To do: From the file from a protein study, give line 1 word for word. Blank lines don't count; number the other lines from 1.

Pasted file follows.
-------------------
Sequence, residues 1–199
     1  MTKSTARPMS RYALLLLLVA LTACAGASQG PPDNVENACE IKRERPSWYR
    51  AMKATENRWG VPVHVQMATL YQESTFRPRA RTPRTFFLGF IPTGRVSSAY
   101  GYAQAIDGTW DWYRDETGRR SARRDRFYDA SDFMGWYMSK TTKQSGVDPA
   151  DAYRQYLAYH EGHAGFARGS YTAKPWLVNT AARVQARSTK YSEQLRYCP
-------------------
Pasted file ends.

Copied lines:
Sequence, residues 1–199